FORT WALTON BEACH, Fla. — In January 1944, the Army Air Forces handed then-21-year-old Charlie Shiff a pistol and a tin hat and loaded him onto a train to New York and then on a ship across the Atlantic Ocean.
He and about 13,000 troops were headed to England to fight in World War II.
By April, Shiff and the other 68 American P-51 Mustang fighter pilots were set up at a base called Staplehurst. Every day they ran dive bomb and strafing missions, scattering explosives across Belgium and Holland. Every day they took fire from German soldiers on the ground.
“We’d go up 14,000, 15,000 feet and roll over and turn down towards it and let our bombs loose,” Shiff said recently at his home in Fort Walton Beach. “We scattered bombs all over those two countries,” he added before joking: “We occasionally hit the target.”
His team was aiming at bridges, roads and railroad junctions along the coast as a diversion for the coming invasion of Normandy.
Between April and July, they lost 19 pilots.
“It’s not pleasant. You know what can happen, and even though you don’t know what’sgoing to happen, you see your comrades get killed and you don’t know if you’re next,” he said.
Shiff, now 82 years old and a retired colonel from the military, served with the 363rd Fighter Group for most of 1944.
The P-51 crews joined up with the group to fly escort and ground missions across Europe.
Since the new Mustangs could travel farther than earlier models, Shiff and the other pilots would meet up with bombers halfway to Berlin and escort them the rest of the way, he said.
Their mission was to shoot down any German aircraft that tried to interfere, but Shiff said he never saw any. Instead, they took heavy fire from the ground.
In February, when they moved to RAF Staplehurst, the pilots began to use the single-engine, single-seat planes to drop up to 500-pound bombs and to shoot at targets along the coast of northern Europe.
Getting shot at was a constant, he said.
Once, he was flying over a street and a German dispatch rider on a motorcycle was right ahead of him. Shiff shot at him and then as he flew over he heard an explosion in the back of the plane.
The plane started to rattle and shake.
“I thought, ‘boy, I’m going to have to walk home,’ ” he said.
He eased back on the throttle and the rattling stopped.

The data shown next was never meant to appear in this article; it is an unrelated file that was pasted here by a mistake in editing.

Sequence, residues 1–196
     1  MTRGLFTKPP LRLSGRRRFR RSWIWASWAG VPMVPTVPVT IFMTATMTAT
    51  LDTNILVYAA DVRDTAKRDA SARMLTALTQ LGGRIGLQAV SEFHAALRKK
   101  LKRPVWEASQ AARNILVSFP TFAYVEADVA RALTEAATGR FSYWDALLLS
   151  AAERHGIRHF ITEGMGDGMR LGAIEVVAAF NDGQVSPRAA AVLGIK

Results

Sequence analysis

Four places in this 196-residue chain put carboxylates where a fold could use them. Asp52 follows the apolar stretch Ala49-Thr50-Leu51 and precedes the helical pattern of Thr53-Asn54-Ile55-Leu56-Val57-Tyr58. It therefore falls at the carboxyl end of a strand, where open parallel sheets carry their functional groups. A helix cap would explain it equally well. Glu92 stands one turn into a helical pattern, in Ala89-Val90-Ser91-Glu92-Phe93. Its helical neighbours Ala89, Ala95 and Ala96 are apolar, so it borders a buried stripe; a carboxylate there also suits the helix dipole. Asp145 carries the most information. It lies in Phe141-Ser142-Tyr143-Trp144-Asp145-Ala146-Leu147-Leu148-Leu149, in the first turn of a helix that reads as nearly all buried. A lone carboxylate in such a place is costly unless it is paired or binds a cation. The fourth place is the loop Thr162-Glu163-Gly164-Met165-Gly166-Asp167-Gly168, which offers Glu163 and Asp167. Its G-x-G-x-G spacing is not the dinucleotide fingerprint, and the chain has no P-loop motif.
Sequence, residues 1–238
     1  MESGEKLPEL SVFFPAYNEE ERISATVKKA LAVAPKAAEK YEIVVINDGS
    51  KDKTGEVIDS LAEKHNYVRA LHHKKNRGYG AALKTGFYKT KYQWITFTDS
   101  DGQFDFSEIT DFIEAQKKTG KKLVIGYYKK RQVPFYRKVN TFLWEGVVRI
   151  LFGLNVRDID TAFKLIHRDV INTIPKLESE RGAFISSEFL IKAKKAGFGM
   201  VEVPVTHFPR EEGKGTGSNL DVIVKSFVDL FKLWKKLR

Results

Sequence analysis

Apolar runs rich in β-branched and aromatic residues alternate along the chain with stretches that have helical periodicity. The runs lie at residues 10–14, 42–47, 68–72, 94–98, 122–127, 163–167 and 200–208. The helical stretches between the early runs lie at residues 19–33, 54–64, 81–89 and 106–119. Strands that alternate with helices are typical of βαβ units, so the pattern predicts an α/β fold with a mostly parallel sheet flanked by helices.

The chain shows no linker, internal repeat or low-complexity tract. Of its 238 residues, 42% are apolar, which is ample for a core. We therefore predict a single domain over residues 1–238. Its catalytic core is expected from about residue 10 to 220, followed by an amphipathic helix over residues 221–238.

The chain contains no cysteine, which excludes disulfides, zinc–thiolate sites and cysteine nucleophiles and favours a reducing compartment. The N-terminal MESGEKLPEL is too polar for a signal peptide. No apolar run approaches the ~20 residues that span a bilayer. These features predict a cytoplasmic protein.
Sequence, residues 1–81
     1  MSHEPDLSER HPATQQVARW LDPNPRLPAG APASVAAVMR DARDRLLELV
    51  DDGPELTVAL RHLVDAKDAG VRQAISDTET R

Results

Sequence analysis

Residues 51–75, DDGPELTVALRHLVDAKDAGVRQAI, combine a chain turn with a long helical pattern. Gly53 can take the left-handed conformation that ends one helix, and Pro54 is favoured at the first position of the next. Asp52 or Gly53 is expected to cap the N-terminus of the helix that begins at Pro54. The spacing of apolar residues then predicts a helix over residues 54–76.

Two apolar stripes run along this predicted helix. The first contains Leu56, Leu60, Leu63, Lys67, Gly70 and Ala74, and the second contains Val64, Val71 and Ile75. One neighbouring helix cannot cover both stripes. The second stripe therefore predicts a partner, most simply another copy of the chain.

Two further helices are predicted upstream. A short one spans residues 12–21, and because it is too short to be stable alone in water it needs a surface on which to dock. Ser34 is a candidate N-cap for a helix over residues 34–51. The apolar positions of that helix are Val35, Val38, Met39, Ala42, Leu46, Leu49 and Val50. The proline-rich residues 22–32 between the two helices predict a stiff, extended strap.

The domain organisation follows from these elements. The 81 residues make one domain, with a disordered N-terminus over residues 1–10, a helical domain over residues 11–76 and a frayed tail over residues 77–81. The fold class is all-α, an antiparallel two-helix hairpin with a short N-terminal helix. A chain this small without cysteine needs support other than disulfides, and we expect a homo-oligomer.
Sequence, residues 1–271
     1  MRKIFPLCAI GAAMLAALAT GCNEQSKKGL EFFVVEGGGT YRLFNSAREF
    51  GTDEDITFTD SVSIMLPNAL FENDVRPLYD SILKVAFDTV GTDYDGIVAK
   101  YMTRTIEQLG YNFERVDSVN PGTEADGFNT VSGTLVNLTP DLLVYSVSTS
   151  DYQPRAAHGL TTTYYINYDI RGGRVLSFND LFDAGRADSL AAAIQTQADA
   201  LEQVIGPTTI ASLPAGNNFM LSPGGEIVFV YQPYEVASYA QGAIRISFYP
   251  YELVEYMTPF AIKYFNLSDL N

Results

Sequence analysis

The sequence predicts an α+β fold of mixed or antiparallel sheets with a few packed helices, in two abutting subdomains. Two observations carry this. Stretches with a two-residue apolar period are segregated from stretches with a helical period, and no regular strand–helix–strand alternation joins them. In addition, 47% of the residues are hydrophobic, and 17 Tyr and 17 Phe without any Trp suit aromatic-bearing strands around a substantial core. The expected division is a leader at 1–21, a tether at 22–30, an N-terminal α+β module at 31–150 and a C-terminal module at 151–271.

When he returned to the airfield, his crew found a 22 mm explosive resting on top of the radiator. It had broken in two pieces but did not detonate.
The P-51 pilots were a small group, and Shiff saw some of them die.
The first he saw was Pappy Watkins, who was 27. They had gone through flight school together.
Watkins was flying with somebody else and the other pilot’s plane came down on top of his, Shiff said.
“They both went down and I was standing there watching,” he said. “That was quite a blow because he and I were good friends.”
The fighting was all part of a plan, though, Shiff said.
“Hitler, he just knew we were going to invade Europe along the Belgium and Dutch coast,” Shiff said. “That’s where he positioned all this equipment. Of course we didn’t do it that way.”
Instead, allied forces stormed Normandy in northern France on June 6, 1944 — D-Day. It was a strong blow to German forces.
In the days before D-Day, command staff had come to brief Shiff and the other pilots on the plan.
“As he left he said, ‘on the end of the mission, you can expect as much as 100 percent fatalities,’ ” Shiff said. “That made everybody feel good.”
On June 6, Shiff and the crew spent most of the day waiting for orders. They were charged with taking off if German fighter planes showed up over Normandy. They didn’t.
“We spent the whole day sitting at the ready by the airplanes, walking in circles, and nothing happened,” Shiff said. “Which was good.”
Late in the day, they took off from Staplehurst to escort a long train of C-47 planes that were towing gliders and carrying paratroopers set to be let off over Normandy.
They were supposed to arrive at last light, but were late.
“It was dark, but they turned them loose anyhow,” he said.
The C-47s headed home, but Shiff and the other escort pilots were curious. They flew over Normandy briefly and marveled at all the battleships shooting onto the shore and all the commotion along the coast. There were so many planes in the air they had to turn on their navigation lights so not to collide with one another, he said.
By 2 a.m., the pilots had returned to Staplehurst. They were safe.
Last year, Shiff made another return to Staplehurst, perhaps his last. He’d been invited to participate in a celebration at a monument built to honor the 363rd Fighter Group and the P-51 pilots.
It was his second trip to the monument.
He and his two sons traveled to Staplehurst in 2011 to unveil a plaque listing the names of the 19 pilots who died during missions there. Shiff and his sons read the names of the fallen out loud while huddled under an umbrella in front of the monument.
“That was quite a thing for them, to read the names,” Shiff said.
A local aviation enthusiast had spearheaded the effort to get the monument built, and the community supported it, Shiff said.
“He went around while the wreckage was still in the ground and tried to get the history of every one of them (planes),” Shiff said. “He thought something ought to be marking what we did.”
What Shiff did during World War II was fly 203 hours, including 83 combat missions in the P-51. After all those perilous but ultimately safe returns to Staplehurst, he said he isn’t sure he’s ready for another leisure trip next year.
“He wants me to come back next June, but I just don’t know about that,” he said.